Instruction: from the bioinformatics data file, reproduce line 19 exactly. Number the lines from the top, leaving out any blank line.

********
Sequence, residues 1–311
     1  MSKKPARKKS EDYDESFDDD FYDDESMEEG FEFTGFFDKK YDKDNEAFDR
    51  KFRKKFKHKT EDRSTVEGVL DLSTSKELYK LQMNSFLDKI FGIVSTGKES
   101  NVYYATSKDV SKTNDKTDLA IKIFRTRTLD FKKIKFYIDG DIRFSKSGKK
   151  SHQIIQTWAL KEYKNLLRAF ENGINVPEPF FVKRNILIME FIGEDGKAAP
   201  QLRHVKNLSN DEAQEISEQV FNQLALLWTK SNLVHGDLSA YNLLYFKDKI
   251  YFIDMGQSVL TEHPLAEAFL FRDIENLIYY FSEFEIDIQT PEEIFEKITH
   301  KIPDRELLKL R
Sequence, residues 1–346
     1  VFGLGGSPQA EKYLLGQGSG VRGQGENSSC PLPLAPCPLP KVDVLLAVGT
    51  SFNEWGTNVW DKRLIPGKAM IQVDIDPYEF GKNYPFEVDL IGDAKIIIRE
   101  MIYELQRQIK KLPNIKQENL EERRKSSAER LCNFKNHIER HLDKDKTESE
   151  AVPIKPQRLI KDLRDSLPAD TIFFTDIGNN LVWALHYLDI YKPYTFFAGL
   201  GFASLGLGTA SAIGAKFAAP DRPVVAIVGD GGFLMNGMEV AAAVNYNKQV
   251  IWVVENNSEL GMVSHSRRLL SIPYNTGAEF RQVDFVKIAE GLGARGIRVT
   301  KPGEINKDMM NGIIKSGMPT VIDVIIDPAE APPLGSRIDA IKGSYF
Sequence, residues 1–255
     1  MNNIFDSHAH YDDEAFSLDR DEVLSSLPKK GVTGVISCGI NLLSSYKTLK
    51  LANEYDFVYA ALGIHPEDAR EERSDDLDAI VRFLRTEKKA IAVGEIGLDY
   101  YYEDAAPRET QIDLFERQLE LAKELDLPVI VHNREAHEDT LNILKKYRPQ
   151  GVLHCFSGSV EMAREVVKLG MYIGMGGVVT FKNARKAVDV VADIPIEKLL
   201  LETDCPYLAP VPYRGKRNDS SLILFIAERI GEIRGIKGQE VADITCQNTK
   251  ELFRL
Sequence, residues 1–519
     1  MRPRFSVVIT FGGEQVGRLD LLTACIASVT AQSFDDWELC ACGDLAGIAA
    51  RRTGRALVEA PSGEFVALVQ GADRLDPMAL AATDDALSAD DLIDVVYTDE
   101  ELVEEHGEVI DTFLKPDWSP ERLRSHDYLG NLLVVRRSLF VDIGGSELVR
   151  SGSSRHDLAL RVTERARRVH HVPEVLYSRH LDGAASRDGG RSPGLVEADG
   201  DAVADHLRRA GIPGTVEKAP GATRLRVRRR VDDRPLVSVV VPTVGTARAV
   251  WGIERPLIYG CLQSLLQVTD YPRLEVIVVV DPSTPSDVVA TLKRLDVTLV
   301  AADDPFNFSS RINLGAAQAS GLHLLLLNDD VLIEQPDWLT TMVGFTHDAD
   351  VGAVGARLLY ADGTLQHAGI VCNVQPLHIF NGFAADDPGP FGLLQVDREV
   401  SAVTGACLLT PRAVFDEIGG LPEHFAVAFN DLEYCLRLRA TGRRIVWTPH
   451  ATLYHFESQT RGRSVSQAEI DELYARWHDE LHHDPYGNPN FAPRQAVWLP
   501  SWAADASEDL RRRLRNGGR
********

    51  LANEYDFVYA ALGIHPEDAR EERSDDLDAI VRFLRTEKKA IAVGEIGLDY